Episcopal seminaries adjust to realities: Declining revenue, new plans
The deans of Episcopal seminaries warned bishops and other church leaders last year that their theological schools must deal creatively with hard financial realities. The schools can no longer function separately as “11 little grocery stores trying to sell the same products to the church,” declared Donn Morgan of Berkeley, California, then convener of the Council of Deans.
The challenges have been felt not only in the Episcopal Church—which has been torn by breakaway parishes and dissenting dioceses—but in virtually all U.S. denominations, added Ward Ewing of New York City, the current council convener. “Seminaries are in the midst of major transformational change,” Ewing told bishops in September.
Actions by three Episcopal seminaries reflected that crisis. Pullback plans were announced by schools in Evanston, Illinois, and Rochester, New York. A promising financial partnership was struck in Cambridge, Massachusetts.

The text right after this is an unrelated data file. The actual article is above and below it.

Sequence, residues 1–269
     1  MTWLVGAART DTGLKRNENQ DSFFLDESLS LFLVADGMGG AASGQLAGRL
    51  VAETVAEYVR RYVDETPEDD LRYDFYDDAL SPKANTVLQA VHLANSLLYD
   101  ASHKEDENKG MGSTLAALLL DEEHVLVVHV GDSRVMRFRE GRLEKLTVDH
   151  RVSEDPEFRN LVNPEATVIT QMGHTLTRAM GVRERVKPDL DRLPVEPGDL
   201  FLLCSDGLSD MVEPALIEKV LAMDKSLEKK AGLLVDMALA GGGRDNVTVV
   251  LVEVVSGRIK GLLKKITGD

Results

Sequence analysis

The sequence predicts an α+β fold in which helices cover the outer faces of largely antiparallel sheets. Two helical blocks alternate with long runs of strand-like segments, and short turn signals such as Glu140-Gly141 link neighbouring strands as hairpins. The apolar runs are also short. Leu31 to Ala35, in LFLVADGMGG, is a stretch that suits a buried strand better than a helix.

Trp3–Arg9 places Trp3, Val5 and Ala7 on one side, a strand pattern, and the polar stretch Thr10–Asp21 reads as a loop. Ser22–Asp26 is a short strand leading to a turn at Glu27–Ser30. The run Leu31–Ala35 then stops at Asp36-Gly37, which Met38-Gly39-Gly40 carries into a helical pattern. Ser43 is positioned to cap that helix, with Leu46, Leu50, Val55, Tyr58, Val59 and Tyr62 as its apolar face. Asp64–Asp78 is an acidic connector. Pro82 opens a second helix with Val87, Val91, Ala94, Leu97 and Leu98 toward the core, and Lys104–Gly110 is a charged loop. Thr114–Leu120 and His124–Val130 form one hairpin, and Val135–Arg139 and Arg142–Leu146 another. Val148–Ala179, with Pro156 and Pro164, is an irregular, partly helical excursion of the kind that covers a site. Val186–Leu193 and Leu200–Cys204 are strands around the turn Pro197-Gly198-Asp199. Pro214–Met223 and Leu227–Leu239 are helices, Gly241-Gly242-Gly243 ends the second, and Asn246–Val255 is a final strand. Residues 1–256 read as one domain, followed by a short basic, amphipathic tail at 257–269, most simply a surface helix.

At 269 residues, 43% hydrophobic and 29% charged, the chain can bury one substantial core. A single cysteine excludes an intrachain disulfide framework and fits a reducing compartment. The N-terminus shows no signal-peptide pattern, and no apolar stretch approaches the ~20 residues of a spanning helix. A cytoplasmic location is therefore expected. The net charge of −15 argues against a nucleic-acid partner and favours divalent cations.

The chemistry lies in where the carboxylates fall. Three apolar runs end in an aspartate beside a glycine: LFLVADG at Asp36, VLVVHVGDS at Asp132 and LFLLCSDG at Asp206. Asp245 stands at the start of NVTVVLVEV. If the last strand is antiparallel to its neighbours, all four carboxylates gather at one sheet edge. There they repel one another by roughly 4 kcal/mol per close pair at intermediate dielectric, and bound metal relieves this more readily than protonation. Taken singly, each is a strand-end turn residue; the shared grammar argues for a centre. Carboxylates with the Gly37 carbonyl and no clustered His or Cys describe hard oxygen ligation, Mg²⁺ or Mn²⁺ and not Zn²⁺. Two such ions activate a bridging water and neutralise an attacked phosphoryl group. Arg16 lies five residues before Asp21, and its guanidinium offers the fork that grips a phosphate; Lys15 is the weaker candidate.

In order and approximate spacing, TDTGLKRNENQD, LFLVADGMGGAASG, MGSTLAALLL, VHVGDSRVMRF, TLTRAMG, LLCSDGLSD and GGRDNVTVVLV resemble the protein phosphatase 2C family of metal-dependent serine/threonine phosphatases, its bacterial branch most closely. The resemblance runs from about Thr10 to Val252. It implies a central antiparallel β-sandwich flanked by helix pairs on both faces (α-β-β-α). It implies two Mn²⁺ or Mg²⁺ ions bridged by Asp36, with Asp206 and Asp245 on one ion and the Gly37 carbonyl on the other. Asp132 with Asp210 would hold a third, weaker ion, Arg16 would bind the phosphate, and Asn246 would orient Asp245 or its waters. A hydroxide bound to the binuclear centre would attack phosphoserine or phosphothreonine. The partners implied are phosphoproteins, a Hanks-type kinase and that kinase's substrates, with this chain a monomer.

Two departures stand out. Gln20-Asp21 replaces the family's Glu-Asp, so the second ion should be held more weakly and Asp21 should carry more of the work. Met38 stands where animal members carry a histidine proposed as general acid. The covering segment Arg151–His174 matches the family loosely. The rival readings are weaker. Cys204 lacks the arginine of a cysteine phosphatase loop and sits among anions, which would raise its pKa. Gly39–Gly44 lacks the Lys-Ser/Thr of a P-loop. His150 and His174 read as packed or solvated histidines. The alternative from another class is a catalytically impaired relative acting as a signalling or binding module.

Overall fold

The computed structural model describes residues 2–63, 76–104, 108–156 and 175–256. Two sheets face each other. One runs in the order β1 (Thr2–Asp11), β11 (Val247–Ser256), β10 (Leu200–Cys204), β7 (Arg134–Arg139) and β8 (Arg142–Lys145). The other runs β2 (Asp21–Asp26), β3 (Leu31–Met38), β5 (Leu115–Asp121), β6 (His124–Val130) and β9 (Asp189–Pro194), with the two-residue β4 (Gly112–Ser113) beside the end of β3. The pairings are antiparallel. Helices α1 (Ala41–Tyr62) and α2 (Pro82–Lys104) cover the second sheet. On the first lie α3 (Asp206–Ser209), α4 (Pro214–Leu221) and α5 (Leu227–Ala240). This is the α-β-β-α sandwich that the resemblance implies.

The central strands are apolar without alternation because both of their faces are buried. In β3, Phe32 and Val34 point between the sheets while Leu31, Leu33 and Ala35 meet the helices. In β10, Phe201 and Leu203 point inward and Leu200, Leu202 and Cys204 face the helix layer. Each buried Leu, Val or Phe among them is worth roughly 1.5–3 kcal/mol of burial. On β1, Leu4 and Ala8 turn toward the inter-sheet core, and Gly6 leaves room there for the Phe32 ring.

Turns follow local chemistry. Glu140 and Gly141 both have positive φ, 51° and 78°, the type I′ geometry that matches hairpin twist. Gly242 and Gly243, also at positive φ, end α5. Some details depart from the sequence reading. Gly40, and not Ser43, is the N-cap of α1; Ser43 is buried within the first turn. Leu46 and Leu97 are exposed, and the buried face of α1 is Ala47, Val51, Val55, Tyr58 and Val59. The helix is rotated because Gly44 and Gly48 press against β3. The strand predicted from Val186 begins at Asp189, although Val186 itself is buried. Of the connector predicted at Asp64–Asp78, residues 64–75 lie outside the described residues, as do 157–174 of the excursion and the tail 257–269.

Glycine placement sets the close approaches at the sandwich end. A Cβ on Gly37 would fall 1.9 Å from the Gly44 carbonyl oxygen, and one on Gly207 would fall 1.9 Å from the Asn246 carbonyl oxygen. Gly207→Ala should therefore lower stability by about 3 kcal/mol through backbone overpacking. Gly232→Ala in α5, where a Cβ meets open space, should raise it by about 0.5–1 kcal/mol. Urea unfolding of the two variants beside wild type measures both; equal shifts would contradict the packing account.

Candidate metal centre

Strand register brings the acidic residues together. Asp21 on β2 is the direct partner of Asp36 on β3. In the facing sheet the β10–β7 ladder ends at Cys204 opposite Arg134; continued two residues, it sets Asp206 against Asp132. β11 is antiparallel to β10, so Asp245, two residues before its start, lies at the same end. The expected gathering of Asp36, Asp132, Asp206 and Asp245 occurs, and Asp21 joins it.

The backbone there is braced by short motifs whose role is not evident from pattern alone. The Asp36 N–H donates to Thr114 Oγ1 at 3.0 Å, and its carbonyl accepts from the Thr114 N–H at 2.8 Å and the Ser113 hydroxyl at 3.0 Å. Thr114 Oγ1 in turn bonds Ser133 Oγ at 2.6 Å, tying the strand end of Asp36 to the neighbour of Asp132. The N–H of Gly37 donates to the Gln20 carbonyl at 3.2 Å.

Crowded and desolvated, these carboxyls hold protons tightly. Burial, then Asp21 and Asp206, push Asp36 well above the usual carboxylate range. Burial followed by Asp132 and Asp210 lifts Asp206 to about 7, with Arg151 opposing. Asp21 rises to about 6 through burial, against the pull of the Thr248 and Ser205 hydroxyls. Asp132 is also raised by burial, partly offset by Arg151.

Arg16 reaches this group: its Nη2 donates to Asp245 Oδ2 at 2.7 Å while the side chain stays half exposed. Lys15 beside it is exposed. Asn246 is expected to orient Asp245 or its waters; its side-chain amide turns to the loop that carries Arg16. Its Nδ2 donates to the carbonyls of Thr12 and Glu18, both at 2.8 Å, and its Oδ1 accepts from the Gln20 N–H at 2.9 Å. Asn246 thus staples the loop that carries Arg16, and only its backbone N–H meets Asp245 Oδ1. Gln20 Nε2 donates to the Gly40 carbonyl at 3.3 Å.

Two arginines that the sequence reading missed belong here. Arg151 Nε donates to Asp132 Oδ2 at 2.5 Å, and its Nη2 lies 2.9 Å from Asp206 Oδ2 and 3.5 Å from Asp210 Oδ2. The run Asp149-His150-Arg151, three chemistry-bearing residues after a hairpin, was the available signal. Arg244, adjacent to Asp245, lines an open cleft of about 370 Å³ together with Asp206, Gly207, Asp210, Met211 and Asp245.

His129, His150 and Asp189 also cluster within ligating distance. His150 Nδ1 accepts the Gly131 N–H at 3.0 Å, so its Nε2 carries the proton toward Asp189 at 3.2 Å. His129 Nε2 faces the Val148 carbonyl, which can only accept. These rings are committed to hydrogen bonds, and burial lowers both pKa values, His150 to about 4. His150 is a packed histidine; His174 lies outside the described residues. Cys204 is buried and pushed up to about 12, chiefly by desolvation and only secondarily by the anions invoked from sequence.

• Seabury-Western Theological Seminary, located near Northwestern University in Evanston, announced February 20 that the school will stop offering its Master of Divinity degree “as a freestanding, three-year residential program.” In addition, Seabury-Western has suspended recruitment and admissions in all degree and certificate programs until it can develop new plans.
The seminary board of trustees acted because of an expected $500,000 shortfall in revenue for the current fiscal year and debts totaling $3 million, officials said. “The seminary is not closing its doors,” said Chicago bishop Jeffrey Lee. “It is engaging in a radical reassessment of what shape its mission has to take in this time.”